Now our business is running, but it can run better with more investment. We have a customer base now, but we are going to enter a new stage where we will need investment to go to the next level.
IN: What are the reasons for the obstacles with the government?
NM: The infrastructure is not quite there yet. In order to establish a company, it took us almost two months.
IN: Is there any interest overseas in Batik Fractal?
NM: If I was able to promote Batik Fractal overseas, surely there would be interest, especially in the technology. The software is not expensive; the license is only USD $450, and that’s for forever! Even at that low price, it has been tough selling it in Indonesia.
IN: Why is it hard to sell?
NM: Because Indonesians don’t want to pay very much for any software. So the next step is commercializing and patenting the software. We have to patent the software for the overseas market. In Indonesia, there is no patent for software, no copyright. What we patented in Indonesia is the process of creating batik motifs with fractal equations. And that’s still pending — the process takes three years.
IN: Do you think Indonesia will eventually adopt software patenting and copyrights?
NM: Well, Indonesia’s economy is still based on natural resources, not on ideas. Intellectual property is still undervalued here. But that’s what we are selling: intellectual property.
IN: Legendary batik artist Iwan Tirta criticized you, saying that it is bad for the batik tradition.
NM: The function of this software is to design. We still produce the cloths in the traditional way, with a canting. We do not mass produce batik. We still work together with batik artisans from the villages. The difference is, I show them how to work with computers.
IN: Why was Iwan Tirta so upset, then?
NM: Batik Fractal creates new motifs in batik. Before, artisans created batik with intuition. A traditional artisan would think, oh let’s make a batik cloth with flowers. Then they contemplate about the process, and sometimes meditate, before drawing the flowers. With this software, you bypass this process. If you want to create a batik cloth with flowers, you just click, and out comes the flowers. That’s when the complaints arise, because when we use technology, then the whole mysticism of batik disappears. We are saying, you don’t have to do all that meditation — just click on the patterns and they come up.
Iwan Tirta thought, this software is only for printed batik. And it can be used for that too. But this software can also strengthen traditional batik tulis, because it can enhance competitiveness. You don’t have to copy your neighbor’s prints anymore. Right now, that’s how it works. If one artisan decides to make a batik of butterflies, then all the batik producers design batik with butterflies.
A long time ago, some artisans created batik with a Cinderella motif, even though it’s not a traditional motif — but it’s still batik.
IN: And how do the artisans feel?
NM: Many of them feel, it is easier to print batik. But then what happens to the traditional artisans, the ones who create everything by hand and not by machine? They change professions. That’s happening a lot in the traditional arts.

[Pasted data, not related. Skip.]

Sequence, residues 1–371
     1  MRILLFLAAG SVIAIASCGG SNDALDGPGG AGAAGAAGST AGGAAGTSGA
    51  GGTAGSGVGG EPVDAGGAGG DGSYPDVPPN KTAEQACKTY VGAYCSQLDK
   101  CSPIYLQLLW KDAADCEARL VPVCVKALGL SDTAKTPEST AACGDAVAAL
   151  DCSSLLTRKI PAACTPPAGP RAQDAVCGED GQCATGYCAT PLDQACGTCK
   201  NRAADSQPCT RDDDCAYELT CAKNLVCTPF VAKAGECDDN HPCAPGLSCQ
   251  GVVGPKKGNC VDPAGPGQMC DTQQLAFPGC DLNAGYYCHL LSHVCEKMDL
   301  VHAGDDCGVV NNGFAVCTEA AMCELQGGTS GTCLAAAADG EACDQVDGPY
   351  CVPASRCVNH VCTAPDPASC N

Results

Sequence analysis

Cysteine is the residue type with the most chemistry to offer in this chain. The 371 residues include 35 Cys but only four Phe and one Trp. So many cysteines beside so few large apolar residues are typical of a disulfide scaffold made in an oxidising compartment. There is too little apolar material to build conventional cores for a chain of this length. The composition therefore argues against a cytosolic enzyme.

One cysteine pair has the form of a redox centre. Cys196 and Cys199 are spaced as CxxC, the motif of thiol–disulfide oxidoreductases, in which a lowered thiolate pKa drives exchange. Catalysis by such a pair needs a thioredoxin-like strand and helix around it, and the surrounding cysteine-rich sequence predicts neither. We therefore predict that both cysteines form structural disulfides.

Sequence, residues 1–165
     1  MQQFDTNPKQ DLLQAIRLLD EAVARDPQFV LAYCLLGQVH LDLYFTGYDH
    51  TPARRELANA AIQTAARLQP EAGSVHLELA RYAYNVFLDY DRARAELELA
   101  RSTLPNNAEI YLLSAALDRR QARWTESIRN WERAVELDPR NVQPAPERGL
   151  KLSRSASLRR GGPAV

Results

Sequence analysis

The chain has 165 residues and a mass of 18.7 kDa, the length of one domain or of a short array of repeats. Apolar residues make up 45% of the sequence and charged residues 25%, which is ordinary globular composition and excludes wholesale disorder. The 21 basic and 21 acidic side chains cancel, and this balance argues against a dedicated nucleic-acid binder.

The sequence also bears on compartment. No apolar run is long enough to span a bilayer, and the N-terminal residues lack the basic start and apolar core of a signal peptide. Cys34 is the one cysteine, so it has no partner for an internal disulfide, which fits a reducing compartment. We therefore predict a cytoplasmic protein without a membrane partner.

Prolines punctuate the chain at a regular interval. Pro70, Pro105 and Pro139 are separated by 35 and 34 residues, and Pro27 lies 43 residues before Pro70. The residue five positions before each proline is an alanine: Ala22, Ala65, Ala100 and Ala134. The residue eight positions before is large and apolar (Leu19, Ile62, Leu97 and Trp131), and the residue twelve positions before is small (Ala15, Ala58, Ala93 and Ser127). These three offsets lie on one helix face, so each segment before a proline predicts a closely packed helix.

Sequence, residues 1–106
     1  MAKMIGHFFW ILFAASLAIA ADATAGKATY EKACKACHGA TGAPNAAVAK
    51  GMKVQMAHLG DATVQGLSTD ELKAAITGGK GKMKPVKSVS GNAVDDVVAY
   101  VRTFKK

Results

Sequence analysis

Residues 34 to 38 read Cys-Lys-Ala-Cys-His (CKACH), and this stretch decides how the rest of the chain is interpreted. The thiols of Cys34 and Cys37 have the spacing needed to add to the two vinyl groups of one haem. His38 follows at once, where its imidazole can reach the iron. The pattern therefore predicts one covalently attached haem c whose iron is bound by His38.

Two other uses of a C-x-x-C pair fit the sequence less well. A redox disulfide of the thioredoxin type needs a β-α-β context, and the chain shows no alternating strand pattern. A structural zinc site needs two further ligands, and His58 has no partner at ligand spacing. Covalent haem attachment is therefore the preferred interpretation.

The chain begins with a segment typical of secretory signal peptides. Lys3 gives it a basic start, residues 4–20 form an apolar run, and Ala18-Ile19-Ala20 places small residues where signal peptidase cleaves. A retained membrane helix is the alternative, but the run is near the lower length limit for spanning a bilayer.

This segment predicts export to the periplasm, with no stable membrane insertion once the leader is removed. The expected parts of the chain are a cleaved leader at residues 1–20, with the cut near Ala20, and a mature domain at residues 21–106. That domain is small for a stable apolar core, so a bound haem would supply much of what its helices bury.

IN: How many clients do you have?
NM: We have sold around 200 licenses.
IN: How big is the potential market?
NM: The potential is enormous, because the technology is always changing. Photoshop is now at Photoshop 12. Meanwhile, we are only at jbatik version 3. Now that there are iPads, we want to make a software for iPads, because the language is different. So just from the technology viewpoint, our market potential is enormous, because we are constantly updating. And if we talk about the pattern aspect, the potential is enormous too. We can use the software for the paper industry, or for the wallpaper industry. The market is huge, but we have to execute our business well.
IN: Is your market mostly in Jakarta?
NM: No. For the software, a lot of our clients are the artisans in Central Java, East Java, West Java, Jambi, Bengkulu. For the batik cloths themselves, our market is mainly Jakarta, because that is where the high-income people live.
IN: Do you have a lot of support from the United States.
NM: Other than Intel, USAID has been supportive. They gave us a considerable grant, and with that we were able to produce quite sophisticated software. Some people joke, we’re an American small company. But to be honest, we were winning awards because of our ideas, not because of our software.
IN: And your relationship with Intel?
NM: They help us promote our software, and we promote their software.
IN: Are your partners still excited about the venture?
NM: Yes. Now we actually have 7 people in the company. The batik production is out-sourced to the traditional artisans.
IN: How can the government help more?
NM: Well, for one, the regulations seem to always be changing. Or the Director General of a department is always changing. So sometimes government assistance is not very smooth. And they don’t seem to understand what the creative industry needs. For example, if we, as part of the creative industry, needs to contact our government counterpart, we don’t know who to contact or whether that person exists. Another example is that the creative industry needs an actual physical space for joint exhibitions. This does not exist yet either, or if it does exist, we don’t know about it. So the government does not yet understand what the creative industry needs. But hopefully that will soon change.
For more information, check out www.batikfractal.com.